Leyden talks about a process of continual renewal and a culture of learning and questioning of the status quo. Open APIs are emerging from outside the boundaries of banks; the key element for success will be the ability to bring together FinTechs, other banks and other industries to create seamless and beneficial customer services.
At NatWest, ‘hackathons’ are used to this effect, says Richardson. During these events, small groups of developers work on customer pain points. NatWest provides the participants with a brief and they use their skills sets to rapidly create ideas and solutions. Ideas can be generated and tested in a short period of time (typically over a weekend). Richardson says the developers gain access to the bank’s technology and the bank has access to new and innovative ideas.
By getting FinTechs involved, banks will have a better chance of finding the services that resonate with customers and deliver the wave of innovation that will tap into new revenue streams. For Leyden, the new business models will be about more integrated technologies, rather than products.
Banks will be focused on making their customers’ lives better, which will involve a combination of better price points, more transparency and increased ethical components. “Banks will not just be executing products and transactions, but will be really meeting their customer needs in the way customers want it.”
Providing customers with what they really want, says Eric Zingmark, Co-head, Transaction Banking, Nordea, requires collaboration with others. “No one institution can provide all of the things that retail and wholesale customers expect. They have high demands and expect immediate delivery. If a bank cannot do that, customers will go somewhere else.”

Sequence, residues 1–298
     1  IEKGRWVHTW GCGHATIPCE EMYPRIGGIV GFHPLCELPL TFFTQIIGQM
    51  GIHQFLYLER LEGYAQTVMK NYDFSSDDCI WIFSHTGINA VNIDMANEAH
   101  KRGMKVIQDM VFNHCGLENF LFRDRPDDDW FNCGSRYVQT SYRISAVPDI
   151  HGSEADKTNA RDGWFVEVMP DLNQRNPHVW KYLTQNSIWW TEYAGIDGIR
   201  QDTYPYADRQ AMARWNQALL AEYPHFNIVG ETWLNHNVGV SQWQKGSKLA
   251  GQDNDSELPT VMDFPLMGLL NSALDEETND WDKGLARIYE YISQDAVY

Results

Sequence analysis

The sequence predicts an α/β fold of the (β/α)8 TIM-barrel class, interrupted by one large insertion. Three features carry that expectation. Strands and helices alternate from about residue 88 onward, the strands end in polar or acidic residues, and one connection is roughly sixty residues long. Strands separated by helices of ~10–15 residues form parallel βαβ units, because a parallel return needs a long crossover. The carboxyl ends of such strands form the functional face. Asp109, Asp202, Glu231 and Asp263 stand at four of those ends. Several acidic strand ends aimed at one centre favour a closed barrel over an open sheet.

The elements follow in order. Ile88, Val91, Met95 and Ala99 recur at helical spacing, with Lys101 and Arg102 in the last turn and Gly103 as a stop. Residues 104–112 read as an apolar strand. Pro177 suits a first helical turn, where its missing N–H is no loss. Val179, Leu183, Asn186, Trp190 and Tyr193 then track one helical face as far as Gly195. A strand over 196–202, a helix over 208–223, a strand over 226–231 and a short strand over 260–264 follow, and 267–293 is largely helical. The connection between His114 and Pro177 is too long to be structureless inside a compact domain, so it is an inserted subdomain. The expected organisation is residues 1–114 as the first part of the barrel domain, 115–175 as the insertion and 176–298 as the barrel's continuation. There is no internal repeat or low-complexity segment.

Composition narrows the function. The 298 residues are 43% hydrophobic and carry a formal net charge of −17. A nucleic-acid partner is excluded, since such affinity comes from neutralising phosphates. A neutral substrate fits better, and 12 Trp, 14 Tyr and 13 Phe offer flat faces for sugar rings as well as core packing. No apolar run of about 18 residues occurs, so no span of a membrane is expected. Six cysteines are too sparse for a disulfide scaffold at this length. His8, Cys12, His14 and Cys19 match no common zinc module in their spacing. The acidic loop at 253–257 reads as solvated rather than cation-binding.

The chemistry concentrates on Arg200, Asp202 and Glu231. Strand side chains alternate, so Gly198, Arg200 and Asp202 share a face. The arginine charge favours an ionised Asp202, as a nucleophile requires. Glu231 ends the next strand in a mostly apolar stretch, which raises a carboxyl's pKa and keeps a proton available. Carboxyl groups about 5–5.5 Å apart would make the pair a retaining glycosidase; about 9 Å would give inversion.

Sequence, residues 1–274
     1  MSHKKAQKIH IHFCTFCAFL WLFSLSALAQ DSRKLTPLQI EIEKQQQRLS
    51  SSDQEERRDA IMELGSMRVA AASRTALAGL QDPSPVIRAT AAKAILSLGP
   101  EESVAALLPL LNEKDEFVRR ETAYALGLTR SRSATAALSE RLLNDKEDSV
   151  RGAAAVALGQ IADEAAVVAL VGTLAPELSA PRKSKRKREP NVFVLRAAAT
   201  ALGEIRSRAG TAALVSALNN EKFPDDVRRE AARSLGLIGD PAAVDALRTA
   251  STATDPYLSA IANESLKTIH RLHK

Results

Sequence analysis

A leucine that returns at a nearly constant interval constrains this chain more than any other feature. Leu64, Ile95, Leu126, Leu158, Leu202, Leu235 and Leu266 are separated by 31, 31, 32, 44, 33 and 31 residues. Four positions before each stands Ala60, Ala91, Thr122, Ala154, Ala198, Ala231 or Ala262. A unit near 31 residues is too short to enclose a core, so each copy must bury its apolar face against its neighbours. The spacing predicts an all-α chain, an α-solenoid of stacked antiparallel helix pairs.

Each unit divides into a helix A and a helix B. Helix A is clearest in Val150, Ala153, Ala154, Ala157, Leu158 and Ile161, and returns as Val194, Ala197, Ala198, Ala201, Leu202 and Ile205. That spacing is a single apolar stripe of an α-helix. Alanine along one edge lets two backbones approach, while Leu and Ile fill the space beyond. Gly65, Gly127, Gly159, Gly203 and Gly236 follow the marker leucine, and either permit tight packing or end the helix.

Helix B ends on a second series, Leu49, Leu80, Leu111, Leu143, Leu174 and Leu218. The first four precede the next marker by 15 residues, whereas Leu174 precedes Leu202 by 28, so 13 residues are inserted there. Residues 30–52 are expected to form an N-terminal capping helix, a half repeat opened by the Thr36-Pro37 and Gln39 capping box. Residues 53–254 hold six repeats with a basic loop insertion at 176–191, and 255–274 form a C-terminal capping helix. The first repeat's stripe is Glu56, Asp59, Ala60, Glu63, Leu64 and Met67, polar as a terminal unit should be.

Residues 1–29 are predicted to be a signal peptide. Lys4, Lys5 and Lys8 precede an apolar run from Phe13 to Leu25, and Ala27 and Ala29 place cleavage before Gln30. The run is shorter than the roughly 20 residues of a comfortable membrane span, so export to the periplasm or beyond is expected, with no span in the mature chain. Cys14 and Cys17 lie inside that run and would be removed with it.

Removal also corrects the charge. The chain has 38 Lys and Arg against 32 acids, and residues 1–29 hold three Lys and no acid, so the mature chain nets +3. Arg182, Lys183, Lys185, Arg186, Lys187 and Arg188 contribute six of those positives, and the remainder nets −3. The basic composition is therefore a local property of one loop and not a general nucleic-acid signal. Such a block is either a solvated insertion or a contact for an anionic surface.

Nordea’s approach is to collaborate with FinTechs, other banks, regulators and customers. Collaborating with customers is “an absolute must”, he adds, as it accelerates innovation and enables a bank to become “relevant faster”.
The year 2018 will be a “defining year” for banks, says Zingmark as PSD2, Europe’s General Data Protection Regulation (GDPR), and new technologies come to the fore. These were all topics of great interest during Sibos.
The successful banks, he says, will be those that are open, transparent and “forward leaning”. Other banks are struggling with the cultural aspects of open banking, but will survive, while some have come “too late to the party” and won’t necessarily make it.
Mike Blalock, General Manager – Financial Services at Intel, says collaboration is enabled by the move to open APIs. He agrees collaboration will be important and observed a focus on collaboration at Sibos.
This collaboration involves banks, the FinTech ecosystem, regulators and technology partners. Open APIs allow banks to share data safely and securely with the aim of providing more value to customers.
From a technical view, the banking industry is “getting there” with open banking, but that is only half of the equation, according to Jesper Illum, Nordic Head of Financial Services, SAP. “The big struggle for banks is to how to commercialise open banking and PSD2. It is one thing to open up the bank, but it is not being done properly it leaves the revenue for another party to pick up.”